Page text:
for National Geographic News
The earliest direct ancestors of modern humans may have looked more like apes than previously thought, a new study suggests.
But the findings, based on a reconstructed 1.9-million-year-old skull, are highly controversial among the anthropological community.
New computer-generated reconstructions suggest that the specimen had a smaller brain than scientists had believed as well as a distinctly protruding jaw.
"We see in this new reconstruction primitive features that are carryovers from what may be its Australopithecus ancestor," said study author Timothy Bromage, an adjunct professor at New York University College of Dentistry.
Australopithecus is an extinct apelike creature closely related to humans that lived up to four million years ago (see photos of fossils belonging to the oldest known Australopithecus child).
But other experts expressed skepticism about Bromage's argument that the repositioning of the specimen's face means its brain size must have been smaller.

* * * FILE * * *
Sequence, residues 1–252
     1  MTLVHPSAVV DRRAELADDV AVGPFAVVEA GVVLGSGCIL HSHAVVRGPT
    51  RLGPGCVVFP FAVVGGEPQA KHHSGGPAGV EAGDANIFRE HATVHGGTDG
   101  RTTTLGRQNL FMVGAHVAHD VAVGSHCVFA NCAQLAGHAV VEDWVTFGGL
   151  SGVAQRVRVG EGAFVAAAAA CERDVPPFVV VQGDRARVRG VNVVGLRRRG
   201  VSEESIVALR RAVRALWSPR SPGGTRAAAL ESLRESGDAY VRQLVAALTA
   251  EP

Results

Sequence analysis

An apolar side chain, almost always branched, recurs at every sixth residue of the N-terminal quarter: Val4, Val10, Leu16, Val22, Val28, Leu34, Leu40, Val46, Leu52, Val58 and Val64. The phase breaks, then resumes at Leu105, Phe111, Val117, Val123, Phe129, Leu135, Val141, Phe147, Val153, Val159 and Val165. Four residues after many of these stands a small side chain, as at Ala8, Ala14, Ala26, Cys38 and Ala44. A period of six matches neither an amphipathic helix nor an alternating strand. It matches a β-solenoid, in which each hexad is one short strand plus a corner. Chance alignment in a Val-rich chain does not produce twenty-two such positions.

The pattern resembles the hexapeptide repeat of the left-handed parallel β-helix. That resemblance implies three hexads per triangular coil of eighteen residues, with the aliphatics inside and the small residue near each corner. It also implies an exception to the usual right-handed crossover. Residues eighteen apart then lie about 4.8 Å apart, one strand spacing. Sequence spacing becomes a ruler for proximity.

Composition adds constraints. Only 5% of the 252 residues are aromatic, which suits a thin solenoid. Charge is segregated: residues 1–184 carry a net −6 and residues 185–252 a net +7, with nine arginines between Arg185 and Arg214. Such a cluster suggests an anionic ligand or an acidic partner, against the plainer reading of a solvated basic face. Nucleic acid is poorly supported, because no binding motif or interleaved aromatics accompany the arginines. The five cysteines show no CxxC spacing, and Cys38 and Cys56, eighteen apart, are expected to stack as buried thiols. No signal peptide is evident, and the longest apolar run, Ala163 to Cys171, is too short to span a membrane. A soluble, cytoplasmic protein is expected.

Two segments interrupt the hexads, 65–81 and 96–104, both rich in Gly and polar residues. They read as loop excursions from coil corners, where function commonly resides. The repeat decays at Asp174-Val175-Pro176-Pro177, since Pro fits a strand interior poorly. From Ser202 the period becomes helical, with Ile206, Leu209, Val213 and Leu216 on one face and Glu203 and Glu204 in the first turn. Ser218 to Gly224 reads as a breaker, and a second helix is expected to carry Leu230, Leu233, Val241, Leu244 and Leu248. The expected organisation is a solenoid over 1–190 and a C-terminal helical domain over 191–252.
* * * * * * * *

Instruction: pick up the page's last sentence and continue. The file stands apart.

"It's probably right that the face should stick far more forward. But to say that because they've changed the angle of the face, the brain size has to get smaller doesn't make any sense," said Robert Martin, a biological anthropologist at the Field Museum in Chicago, Illinois.
"The [specimen's brain] certainly isn't as small as [Bromage is] now arguing."
Bromage presented his study at the recent annual meeting of the International Association for Dental Research in New Orleans, Louisiana.
The skull used for the reconstruction was found in 1972 by Bernard Ngeneo, a member of a team led by anthropologist Richard Leakey, at Lake Turkana in Kenya's Great Rift valley.
Named KNM-ER 1470, the fossil skull has been at the center of much debate concerning its species.
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